Category Fact Sheets

Sustainable use of water resources in the transboundary Padshaota river basin

Population growth and climate change are factors influencing the decrease in water resources of the transboundary Padshaota River, which runs through Kyrgyzstan and Uzbekistan. As such, there is an urgent need to improve how the river’s water resources are managed. The Padshaota River originates in Kyrgyzstan in the Chatkal Range, flows through Uzbekistan’s Namangan Oblast, and then flows back into Kyrgyzstan. The river is fed by mountain glaciers, has a mean basin elevation of about 2,000 metres above sea level, is about 130 km in length, and has a catchment area of 443 km2. Average annual discharge is estimated at 5.5 m3 per second...

Rehabilitation of ‘Zumratsho’ headwork in Isfara, Tajikistan

The Isfara River originates in Kyrgyzstan on the northern slopes of the Turkestan Range and flows north into Tajikistan through the Ferghana Valley, towards the Syr Darya River. It measures about 120 km in total.  The catchment area covers Batken Oblast (administrative district) in Kyrgyzstan and Sughd Oblast in Tajikistan, and includes Uzbek territories at the tail-end of the basin. The river, historically a tributary of the Syr Darya, merges at its mouth with the Great Fergana Canal. Currently, the canal’s water is exploited almost entirely for irrigation by the local population before it actually reaches the Syr Darya...

Study tour on the Self-Management of Water and Soil Utilisation of Lower River Basin Units in Germany

Although centralised planning and management of water resources continues to predominate in the five Central Asian States, reform of the current water management system is on-going in most of them. The aim is to complete the transition of major functions to the local level.
A study tour was conducted for Central Asian representatives of national ministries concerned with water and land resources management and for the representatives of local water administrations. The purpose of the tour was the study of methods for the self-administration of water and soil utilisation in Germany...

Supporting IWRM in Turkmenistan

Turkmenistan’s water resources are limited due to extremely low precipitation. The Turkmen lowland receives just 100-150 mm annual precipitation and is subject to high evaporation. Even the high mountains in the Kopet Dag and Balkan ranges do not supply permanently running rivers. Thus, only the Murgab and Tedjen rivers formed in the neighbouring countries of Afghanistan and Iran are relevant. However, the main source of water is the Amu Darya River. It supplies water to the northern part of the country and, through the Karakum Canal, the southern part of the country between Mary and Ashgabat.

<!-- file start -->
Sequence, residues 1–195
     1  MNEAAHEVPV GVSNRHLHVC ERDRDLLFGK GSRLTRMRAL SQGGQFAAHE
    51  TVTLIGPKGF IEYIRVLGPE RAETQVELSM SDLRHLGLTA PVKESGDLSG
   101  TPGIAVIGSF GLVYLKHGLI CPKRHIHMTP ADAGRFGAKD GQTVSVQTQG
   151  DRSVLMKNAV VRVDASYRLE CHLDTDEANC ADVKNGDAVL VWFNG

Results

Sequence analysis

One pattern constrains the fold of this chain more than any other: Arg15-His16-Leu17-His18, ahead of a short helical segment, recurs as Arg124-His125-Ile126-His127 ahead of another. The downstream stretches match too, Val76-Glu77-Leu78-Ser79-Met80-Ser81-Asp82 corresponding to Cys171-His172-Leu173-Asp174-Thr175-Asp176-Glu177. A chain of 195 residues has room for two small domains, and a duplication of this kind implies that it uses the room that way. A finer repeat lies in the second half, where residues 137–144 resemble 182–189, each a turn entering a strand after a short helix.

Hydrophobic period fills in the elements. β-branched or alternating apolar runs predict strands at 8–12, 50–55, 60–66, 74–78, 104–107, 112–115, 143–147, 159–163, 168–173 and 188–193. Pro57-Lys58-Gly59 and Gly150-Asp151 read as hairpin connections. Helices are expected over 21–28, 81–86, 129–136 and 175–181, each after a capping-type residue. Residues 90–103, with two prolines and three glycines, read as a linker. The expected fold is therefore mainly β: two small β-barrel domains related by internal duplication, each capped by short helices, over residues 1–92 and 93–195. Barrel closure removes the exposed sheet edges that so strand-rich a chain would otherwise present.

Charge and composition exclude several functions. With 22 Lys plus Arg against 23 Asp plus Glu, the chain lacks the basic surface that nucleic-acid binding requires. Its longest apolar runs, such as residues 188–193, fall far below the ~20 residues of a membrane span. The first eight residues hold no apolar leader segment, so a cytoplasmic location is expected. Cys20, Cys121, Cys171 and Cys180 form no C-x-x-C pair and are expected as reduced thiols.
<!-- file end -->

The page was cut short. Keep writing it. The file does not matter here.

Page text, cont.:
The permanent water supply led to the formation...

Introducing basin planning approach in Cepekyab, Turkmenistan

Context
The EU project ‘Water Management and Basin Organisations in Central Asia’ (WMBOCA) is being implemented by the Deutsche Gesellschaft für Internationale Zusammenarbeit (GIZ) GmbH (German Society for International Cooperation). WMBOCA aims to build capacity in regional water cooperation and sustainable water resources management in smaller transboundary river basins.

Moreover, WMBOCA activities focus on the introduction of the basin approach, for which the EU Water Framework Directive is the guiding concept...

Supporting basin planning and management in Turkmenistan

Context
Across large areas, the surface water and groundwater resour-
ces of Turkmenistan are extremely scarce, due to the country’s predominantly desert climate and average annual precipitation of 100-150 mm. The Amu Darya River is the main source of water in the northern part of the country, while the southern regions near the Kopet Dag Mountains are mainly served by the Karakum Canal, which was constructed in the middle of 20th century.

Other water resources are the Murgab and the Tedjen rivers, which run into Turkmenistan from Afghanistan and Iran, and are mainly supplied by runoff from the northern Hindukush Mountains...

Eine Quelle des Friedens – Grenzüberschreitendes Wassermanagement in Zentralasien

Eine Quelle des Friedens – Grenzüberschreitendes Wassermanagement in ZentralasienZentralasien ist eine Region mit knappen Wasserressourcen, die von den Auswirkungen des globalen Klimawandels und der chronischen Übernutzung der vorhandenen Reserven besonders betroffen ist. Gleichzeitig sind die Volkswirtschaften der fünf zentralasiatischen Staaten durch die gemeinsame Nutzung des Flusswassers der beiden großen Flüsse Syr Darja und Amu Darja sowie anderer grenzüberschreitender Flussgebiete eng miteinander verbunden...

A Source of Peace – Transboundary Water Management in Central Asia

2011-02-07_Fact-Sheet_BBIC-and-HW_UZ-covershot Rehabilitation of the Bad Bad irrigation canal and its headwork

 Irrigated agriculture is the basis of the Uzbek economy and the main source of employ...